15 COMMON MEDICAL MYTHS
6 Myths About Shingles You Still Believe
Have you seen the TV commercial for the shingles vaccine Zostavax? It shows a middle-aged man in an office with a dreadful looking rash on his face, wincing at meetings, and receiving the half-horrified, half-sympathetic attention of his colleagues. If you did, you probably thought,I hope I never getthatin my lifetime. But you might not be so lucky: 1 in 3 people will develop shingles at some point, says Richard Lorraine, MD, a shingles specialist and researcher in Harleysville, PA. The Centers for Disease Control and Prevention estimates that 1 million Americans get the painful rash every year.
Despite how common shingles is, there's a lot of misinformation out there—which we're happy to clear up. Here are six myths and the facts you need to protect yourself.
Myth #1: Only elderly people get shingles.
Yes, your risk goes up as you get older, but the truth is that anyone can get it. Right now about half of all shingles cases crop up in people over age 60—which means the other half involve younger folks. In fact, the incidence of shingles in the under-60 crowd seems to be on the rise, though no one's fully sure why. If your immune system is compromised—due to having a condition like HIV or taking immune-suppressing medication to keep you from rejecting a transplanted organ—you're certainly at greater risk, says Niket Sonpal, MD, an assistant professor of clinical medicine at Touro College of Medicine in New York City. Being under extreme stress may also play a role.
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Myth #2: If I get vaccinated, I'll stay safe.
Not exactly. It's true that the vaccine (Zostavax) greatly reduces your risk of getting shingles, but it doesn't drop the odds to zero. What it does do is cut your risk by about 50% and significantly reduce the chance of serious complications if you should get shingles anyway. Protection lasts about 5 years, which is why the CDC recommends that people ages 60 and up get vaccinated. ( is the first-ever plan that tackles the root cause of virtually every major ailment and health condition today; get your copy now!)
Myth #3: It's contagious.
You can't catch shingles from someone else. It's caused by varicella zoster, the same virus that causes chicken pox. If you ever had chicken pox (as is the case for most people born before the vaccine for it came out in 1995), you're at risk, because varicella zoster never leaves your body. "The virus 'sleeps' in your spinal cord, and when it gets 'woken up,' it causes what's essentially a localized chicken pox outbreak along a nerve pathway," says Lorraine. The location along the nerve is why the resulting shingles rash is so painful.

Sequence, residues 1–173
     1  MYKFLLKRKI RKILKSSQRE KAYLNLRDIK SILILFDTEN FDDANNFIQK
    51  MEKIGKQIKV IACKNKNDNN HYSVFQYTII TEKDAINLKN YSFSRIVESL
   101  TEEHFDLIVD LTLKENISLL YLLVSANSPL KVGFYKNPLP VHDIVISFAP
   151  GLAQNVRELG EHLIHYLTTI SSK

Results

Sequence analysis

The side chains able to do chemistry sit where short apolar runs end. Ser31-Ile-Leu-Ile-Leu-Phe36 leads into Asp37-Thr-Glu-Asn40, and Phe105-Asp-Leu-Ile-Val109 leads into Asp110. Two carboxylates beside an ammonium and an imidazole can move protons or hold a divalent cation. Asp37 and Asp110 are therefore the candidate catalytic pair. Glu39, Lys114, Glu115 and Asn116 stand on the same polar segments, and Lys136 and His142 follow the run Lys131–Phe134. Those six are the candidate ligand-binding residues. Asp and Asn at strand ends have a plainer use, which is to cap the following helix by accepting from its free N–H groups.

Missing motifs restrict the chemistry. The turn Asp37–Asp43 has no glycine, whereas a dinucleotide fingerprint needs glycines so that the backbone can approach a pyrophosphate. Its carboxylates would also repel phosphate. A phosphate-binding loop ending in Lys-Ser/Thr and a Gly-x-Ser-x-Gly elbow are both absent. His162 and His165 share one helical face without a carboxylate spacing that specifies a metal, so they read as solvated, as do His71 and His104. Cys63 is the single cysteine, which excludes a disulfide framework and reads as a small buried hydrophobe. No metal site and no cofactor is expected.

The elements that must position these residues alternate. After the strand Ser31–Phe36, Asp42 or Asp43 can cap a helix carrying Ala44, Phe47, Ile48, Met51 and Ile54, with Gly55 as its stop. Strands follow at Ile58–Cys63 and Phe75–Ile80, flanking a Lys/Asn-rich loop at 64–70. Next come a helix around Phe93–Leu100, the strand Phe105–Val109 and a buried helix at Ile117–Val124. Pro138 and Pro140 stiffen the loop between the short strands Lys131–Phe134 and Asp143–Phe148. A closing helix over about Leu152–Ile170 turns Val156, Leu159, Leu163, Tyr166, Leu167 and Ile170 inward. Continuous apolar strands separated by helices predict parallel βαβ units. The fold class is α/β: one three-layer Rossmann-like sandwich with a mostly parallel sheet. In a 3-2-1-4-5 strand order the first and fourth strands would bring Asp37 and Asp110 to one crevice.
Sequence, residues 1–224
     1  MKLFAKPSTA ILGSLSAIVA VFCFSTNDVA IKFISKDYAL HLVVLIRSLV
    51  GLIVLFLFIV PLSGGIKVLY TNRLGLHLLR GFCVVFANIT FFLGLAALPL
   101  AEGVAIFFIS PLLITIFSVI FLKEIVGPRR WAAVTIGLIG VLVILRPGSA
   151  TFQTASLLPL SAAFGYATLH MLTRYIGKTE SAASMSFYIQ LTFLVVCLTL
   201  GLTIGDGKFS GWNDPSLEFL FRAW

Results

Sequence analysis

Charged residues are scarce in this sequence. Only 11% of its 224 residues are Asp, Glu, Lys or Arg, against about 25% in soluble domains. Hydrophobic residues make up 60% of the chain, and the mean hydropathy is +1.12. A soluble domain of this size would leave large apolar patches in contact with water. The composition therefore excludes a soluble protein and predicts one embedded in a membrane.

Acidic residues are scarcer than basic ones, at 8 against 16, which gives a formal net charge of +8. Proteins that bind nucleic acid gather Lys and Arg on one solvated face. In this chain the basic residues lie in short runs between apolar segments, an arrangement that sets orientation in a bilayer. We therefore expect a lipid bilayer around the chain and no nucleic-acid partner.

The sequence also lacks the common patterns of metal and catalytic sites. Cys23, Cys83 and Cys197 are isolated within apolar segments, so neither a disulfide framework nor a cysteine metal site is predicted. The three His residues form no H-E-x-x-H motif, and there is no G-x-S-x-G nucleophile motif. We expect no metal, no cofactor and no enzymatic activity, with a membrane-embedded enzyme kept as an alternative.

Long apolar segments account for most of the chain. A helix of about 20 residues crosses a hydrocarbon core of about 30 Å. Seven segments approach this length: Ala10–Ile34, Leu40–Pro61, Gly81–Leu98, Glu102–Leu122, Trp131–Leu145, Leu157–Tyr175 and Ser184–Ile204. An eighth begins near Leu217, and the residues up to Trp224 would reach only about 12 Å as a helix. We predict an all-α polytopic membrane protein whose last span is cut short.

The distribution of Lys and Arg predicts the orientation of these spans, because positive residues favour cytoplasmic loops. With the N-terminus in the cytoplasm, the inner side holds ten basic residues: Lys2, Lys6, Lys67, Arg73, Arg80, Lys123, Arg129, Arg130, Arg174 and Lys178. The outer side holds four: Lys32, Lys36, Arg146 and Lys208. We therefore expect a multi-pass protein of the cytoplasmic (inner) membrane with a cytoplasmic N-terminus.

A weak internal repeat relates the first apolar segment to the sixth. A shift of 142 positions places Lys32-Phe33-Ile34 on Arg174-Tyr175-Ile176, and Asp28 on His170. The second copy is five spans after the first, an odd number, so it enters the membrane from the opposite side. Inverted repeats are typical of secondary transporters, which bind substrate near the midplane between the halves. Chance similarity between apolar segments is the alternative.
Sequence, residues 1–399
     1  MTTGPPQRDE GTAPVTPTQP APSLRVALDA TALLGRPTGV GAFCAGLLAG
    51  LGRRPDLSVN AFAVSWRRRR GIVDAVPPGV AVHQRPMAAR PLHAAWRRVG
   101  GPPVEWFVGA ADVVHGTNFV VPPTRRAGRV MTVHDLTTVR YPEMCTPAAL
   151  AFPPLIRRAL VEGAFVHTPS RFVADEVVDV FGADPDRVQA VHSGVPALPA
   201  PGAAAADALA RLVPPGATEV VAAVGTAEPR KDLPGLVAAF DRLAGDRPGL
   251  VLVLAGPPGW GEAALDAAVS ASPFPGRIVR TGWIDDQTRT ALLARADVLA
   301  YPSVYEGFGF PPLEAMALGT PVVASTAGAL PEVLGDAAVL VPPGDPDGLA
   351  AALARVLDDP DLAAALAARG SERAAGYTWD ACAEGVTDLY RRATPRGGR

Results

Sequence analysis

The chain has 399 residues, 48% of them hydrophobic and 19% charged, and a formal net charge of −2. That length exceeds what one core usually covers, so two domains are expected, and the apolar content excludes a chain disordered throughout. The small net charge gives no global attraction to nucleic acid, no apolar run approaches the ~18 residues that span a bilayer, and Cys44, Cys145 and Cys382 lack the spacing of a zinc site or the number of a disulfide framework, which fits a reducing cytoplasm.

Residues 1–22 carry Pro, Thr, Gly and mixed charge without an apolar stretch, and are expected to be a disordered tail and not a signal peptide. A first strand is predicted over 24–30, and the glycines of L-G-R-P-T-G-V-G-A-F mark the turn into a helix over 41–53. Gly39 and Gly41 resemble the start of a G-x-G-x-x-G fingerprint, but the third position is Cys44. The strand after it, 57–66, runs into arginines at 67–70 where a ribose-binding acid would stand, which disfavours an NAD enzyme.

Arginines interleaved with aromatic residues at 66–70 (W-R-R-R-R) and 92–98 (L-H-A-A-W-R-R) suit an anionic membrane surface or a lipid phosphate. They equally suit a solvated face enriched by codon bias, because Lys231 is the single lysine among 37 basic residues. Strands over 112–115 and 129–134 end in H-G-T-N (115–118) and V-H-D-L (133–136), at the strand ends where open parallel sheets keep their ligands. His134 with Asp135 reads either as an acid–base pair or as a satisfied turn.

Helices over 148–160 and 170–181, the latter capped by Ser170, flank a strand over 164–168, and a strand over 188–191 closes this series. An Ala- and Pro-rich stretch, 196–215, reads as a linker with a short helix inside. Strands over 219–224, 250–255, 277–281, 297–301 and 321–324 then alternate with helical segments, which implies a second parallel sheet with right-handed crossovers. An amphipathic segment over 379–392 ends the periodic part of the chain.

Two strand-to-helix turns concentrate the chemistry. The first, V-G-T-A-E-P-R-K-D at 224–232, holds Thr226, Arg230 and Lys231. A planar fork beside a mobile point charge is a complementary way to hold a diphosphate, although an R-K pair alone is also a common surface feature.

That said, if you've never had chicken pox (and haven't been vaccinated against it), you could catch the virus from someone with shingles and end up with chicken pox, says Holly Kanavy, DO, a dermatologist at Montefiore Medical Center in Bronx, NY. (Yes, even if you're an adult.) That doesn't happen too often, and it's only possible if you have direct contact with fluid from the blisters. "If there are no blisters present, there is no risk of spreading the virus," she says. Still, if you've never had the pox or the vaccine, it's best to steer clear.
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Myth #4: People who've never had chicken pox can't get shingles.
We just told you that you get shingles when the virus that causes chicken pox reactivates inside your body, so it would seem to follow that if you've never had chicken pox, you can't get shingles. But there's a catch: If you've had the chicken pox vaccine, you've been exposed to the virus that causes both chicken pox and shingles. "The varicella vaccine is a live, attenuated virus, so if you've gotten it, you have the virus in your body, same as if you'd had chicken pox," says Lorraine. Translation: You may be immune to chicken pox, but you're theoretically still at risk for shingles. No one really knows what the odds of shingles are in this case, since the varicella vaccine is only 20 years old, says Lorraine. Time will tell.
Myth #5: Once you have shingles, there's nothing you can do except wait it out.
Finally, some good news! If you get yourself to the doc ASAP (within the first 3 days), he can write you a prescription for an antiviral drug to reduce the severity of the outbreak, says Lorraine. Options include acyclovir (Zovirax), famciclovir (Famvir), and valacyclovir (Valtrex). You can also treat the pain with over-the-counter pain relievers or prescription drugs. Some patients find that topical treatments made from capsaicin (extracted from chili peppers) provide relief. "Capsaicin blocks the chemical transmitter for pain signals," says Lorraine, but it might also cause a burning sensation.
Myth #6: Once you go through the worst of it, it's over.
Not so fast. Although the sores and blisters tend to disappear in about a month, the pain can last much longer—anywhere from weeks to years. Long-term pain that follows shingles is called post-herpetic neuralgia. "The damaged nerve sends impulses to the brain coded as 'throbbing pain,' " says Sonpal.
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